The Guardian article today says the program would make it possible to "secretly manipulate social media sites such as Facebook and Twitter." CENTCOM disagrees with this characterization of the program, and their statement to Boing Boing is at the bottom of this post.
Snip from Guardian:
The Centcom contract stipulates that each fake online persona must have a convincing background, history and supporting details, and that up to 50 US-based controllers should be able to operate false identities from their workstations "without fear of being discovered by sophisticated adversaries". Centcom spokesman Commander Bill Speaks said: "The technology supports classified blogging activities on foreign-language websites to enable Centcom to counter violent extremist and enemy propaganda outside the US." He said none of the interventions would be in English, as it would be unlawful to "address US audiences" with such technology, and any English-language use of social media by Centcom was always clearly attributed. The languages in which the interventions are conducted include Arabic, Farsi, Urdu and Pashto.
Once developed, the software could allow US service personnel, working around the clock in one location, to respond to emerging online conversations with any number of co-ordinated Facebook messages, blogposts, tweets, retweets, chatroom posts and other interventions. Details of the contract suggest this location would be MacDill air force base near Tampa, Florida, home of US Special Operations Command.
Centcom's contract requires for each controller the provision of one "virtual private server" located in the United States and others appearing to be outside the US to give the impression the fake personas are real people located in different parts of the world. It also calls for "traffic mixing", blending the persona controllers' internet usage with the usage of people outside Centcom in a manner that must offer "excellent cover and powerful deniability".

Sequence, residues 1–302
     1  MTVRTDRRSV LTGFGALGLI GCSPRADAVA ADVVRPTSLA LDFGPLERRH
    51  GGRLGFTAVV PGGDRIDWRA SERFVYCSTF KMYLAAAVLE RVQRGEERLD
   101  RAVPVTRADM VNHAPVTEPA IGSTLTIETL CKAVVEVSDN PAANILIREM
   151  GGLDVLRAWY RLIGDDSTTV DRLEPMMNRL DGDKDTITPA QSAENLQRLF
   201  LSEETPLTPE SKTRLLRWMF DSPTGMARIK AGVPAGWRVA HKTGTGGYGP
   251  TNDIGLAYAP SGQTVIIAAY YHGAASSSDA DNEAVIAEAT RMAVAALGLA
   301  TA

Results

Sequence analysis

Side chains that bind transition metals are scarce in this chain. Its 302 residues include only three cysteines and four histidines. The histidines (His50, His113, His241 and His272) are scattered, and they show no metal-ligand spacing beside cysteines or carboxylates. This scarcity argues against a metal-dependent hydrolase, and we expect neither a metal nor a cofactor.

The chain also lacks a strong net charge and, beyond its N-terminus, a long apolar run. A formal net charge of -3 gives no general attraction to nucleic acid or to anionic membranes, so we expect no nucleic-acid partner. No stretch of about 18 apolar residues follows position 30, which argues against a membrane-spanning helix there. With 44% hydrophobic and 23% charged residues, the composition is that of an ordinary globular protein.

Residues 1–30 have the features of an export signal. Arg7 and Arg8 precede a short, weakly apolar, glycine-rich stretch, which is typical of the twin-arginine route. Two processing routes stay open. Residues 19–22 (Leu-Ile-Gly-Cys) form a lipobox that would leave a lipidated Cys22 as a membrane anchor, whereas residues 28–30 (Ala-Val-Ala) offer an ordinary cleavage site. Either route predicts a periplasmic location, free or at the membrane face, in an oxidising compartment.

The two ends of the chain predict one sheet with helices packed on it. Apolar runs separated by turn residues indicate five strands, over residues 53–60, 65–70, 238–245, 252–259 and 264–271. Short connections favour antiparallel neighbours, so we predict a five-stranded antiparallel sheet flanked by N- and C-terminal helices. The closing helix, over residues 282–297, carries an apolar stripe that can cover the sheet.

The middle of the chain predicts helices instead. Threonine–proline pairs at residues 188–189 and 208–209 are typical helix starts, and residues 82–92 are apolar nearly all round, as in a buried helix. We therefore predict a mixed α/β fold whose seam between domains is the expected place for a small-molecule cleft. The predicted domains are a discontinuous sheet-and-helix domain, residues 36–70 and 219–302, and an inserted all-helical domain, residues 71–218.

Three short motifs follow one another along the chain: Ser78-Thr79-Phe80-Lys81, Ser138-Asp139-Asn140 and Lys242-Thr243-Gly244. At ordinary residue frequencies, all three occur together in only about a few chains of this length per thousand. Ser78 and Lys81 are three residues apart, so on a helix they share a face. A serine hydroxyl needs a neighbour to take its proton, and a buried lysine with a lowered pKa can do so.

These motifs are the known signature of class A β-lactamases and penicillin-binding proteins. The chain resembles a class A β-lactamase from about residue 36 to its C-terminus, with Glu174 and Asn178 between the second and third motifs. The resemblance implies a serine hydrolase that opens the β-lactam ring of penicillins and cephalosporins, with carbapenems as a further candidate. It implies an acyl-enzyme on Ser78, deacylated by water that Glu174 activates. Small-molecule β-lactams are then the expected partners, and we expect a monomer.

The multiple persona contract is thought to have been awarded as part of a programme called Operation Earnest Voice (OEV), which was first developed in Iraq as a psychological warfare weapon against the online presence of al-Qaida supporters and others ranged against coalition forces. Since then, OEV is reported to have expanded into a $200m programme and is thought to have been used against jihadists across Pakistan, Afghanistan and the Middle East.
Read the whole article in the Guardian: "Revealed: US spy operation that manipulates social media"
Update: Commander Bill Speaks of the Centcom public affairs office, who is quoted in the Guardian piece excerpted above, tells Boing Boing:
Regarding your post, I want to make clear that the persona management software contract discussed in Ian Cobain's Guardian story is not, and will not, be used in any online engagements with US audiences, or on web sites based in the US. This includes, of course, Facebook and Twitter.
I hope you will see fit to update your post, as the suggestion that this technology will be used to set up "phony Facebook, Twitter psyops accounts" is inaccurate.